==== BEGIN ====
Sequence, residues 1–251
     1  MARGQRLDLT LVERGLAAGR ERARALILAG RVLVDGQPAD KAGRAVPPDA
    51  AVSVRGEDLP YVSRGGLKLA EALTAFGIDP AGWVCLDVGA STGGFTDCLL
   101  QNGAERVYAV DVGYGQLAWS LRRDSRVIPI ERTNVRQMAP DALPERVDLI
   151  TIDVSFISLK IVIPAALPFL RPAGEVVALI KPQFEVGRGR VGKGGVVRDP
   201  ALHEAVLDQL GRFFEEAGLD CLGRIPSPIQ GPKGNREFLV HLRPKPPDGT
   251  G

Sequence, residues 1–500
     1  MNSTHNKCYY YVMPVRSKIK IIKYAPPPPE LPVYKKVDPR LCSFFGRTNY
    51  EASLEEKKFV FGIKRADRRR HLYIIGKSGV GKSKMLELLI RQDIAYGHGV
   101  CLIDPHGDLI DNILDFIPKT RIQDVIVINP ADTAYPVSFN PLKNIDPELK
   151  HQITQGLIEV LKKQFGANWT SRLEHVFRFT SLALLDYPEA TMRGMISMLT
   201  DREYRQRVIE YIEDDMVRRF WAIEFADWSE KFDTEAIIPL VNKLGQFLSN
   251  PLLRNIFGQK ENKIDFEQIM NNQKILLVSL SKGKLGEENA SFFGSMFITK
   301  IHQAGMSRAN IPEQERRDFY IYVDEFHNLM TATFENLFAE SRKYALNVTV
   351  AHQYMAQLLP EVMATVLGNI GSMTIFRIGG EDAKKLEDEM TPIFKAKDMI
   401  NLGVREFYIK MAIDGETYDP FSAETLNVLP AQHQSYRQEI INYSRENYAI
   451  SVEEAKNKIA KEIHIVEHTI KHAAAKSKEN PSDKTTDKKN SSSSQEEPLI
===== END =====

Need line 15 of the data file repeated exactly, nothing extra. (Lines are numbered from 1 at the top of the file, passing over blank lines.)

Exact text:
   301  IHQAGMSRAN IPEQERRDFY IYVDEFHNLM TATFENLFAE SRKYALNVTV